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Lord Chatham rejoined :

“If I conceive the noble lord on the woolsack right, or have been rightly informed by the public prints—from which, I candidly confess, I originally derived my information on the subject —the doctrine of the King's Bench is, that a libel or not a libel is a question of law to be decided only by the court, and the sole power of the jury is to determine upon the fact of printing and publishing. This I understand to be the noble lord's opinion, but this I never understood to be the law of England; on the contrary, I always understood that the jury were competent judges of the law as well as of the fact, and, indeed, if they are not, I can see no essential benefit arising from their institution to the community. . . . I am therefore desirous—I am earnestly desirous—that a day may be appointed for examining into the conduct of such judges as dare to establish this anti-constitutional practice in our courts. I am well assured from the most respectable authority, that the practice is immediately subversive of our dearest rights, our most invaluable liberties; and, profligate as the times may be, there are objects that interest should lead us to defend, even if we are wholly unactuated by principle."

After Lord Camden had spoken, in terms even more bitter and direct, the Duke of Grafton, on behalf of the Government, moved the adjournment of the House, which

carried by a large majority. Here it would have been well for Lord Mansfield to have let the matter rest; but, smarting under the censure which Burke and Dunning had heaped upon him in the Lower Chamber, he next day intimated that he had a matter of importance to submit to the Peers, and moved that they should be summoned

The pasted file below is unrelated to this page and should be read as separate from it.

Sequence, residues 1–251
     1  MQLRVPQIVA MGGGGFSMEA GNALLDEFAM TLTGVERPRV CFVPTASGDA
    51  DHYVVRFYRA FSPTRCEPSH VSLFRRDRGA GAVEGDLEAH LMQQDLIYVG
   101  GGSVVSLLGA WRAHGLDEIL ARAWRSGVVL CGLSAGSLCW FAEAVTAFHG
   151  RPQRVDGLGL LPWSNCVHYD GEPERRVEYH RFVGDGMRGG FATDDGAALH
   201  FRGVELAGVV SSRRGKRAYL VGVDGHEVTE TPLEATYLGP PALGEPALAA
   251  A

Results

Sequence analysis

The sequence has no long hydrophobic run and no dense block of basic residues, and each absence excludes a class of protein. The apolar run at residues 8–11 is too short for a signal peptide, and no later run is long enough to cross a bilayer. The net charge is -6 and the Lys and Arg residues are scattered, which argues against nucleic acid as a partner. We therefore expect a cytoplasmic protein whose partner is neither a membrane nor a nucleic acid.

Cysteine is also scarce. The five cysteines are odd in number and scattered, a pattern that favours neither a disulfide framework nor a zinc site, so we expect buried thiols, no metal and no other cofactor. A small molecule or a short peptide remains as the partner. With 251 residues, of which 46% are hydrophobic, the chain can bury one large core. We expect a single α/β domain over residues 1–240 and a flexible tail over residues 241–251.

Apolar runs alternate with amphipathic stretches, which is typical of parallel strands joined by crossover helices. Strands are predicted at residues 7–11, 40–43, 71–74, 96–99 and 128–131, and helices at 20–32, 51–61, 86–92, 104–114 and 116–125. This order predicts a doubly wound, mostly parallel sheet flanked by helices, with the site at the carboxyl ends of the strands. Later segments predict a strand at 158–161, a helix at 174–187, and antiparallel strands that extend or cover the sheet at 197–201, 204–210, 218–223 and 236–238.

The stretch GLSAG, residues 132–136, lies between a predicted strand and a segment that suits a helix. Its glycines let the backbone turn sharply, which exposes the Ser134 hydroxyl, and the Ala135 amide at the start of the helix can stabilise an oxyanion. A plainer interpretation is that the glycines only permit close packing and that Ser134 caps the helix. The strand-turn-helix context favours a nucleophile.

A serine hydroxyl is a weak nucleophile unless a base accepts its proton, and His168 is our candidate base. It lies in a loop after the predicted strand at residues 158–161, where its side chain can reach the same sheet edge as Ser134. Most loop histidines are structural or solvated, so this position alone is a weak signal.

for the purpose.

Accordingly, on the 10th of December, their Lordships assembled in large numbers, eagerly expecting “a passage of arms,” in which Toryism, as represented by Lord Mansfield, was to lay low the principle of Anarchy, as represented by Lords Chatham and Camden. But in the interval Lord Mansfield's courage had oozed out, and his constitutional timidity had got the better of him. To the intense surprise of the House, he contented himself with saying that he had left with the clerk of the House a copy of the judgment of the Court of King's Bench, in the case of The King against Woodfall, and that their Lordships might read it and take copies of it if they pleased. On an inquiry from Lord Camden whether he meant to have the paper entered on the Journals, he replied : “No, no; only to leave it with the clerk.”

On the following day, Lord Camden, addressing the House, said that he considered the paper delivered in by the Chief-Justice as a personal challenge, and he accepted it. In direct contradiction to Lord Mansfield, he maintained that his doctrine was not the law of England. And he proposed four questions to Lord Mansfield, founded on the aforesaid opinion of the Court of King's Bench, to which he desired categorical answers.

“I have the highest esteem,' said Lord Mansfield, with manifest uneasiness, 'for the noble and learned lord who thus attacks me, and I have ever courted his esteem in return. From his candour I had not expected this treatment. I have studied the point more than

any other in my life, and have consulted all the judges on it, except the noble and learned lord, who appears to view it differently from all others. But this mode of questioning takes me by surprise. It is unfair. I will not answer interrogatories.

Lord Chatham, sarcastically: 'Interrogatories! Was ever anything heard so extraordinary? Can the noble and learned lord be taken by surprise when, as he tells us, he has been considering the point all his life, and has taken the opinions of all the judges upon it ?"

Lord Camden: 'I am willing that the noble and learned lord should have whatever time he deems requisite to prepare himself, but let him name a day when his answers may be given in, and I shall then be ready to meet him.'

Lord Mansfield: 'I am not bound to answer, and I will not answer, the questions which the noble and learned lord has so astutely framed and so irregularly administered; but I pledge myself that the matter shall be discussed.'


The Duke of Richmond here congratulated the House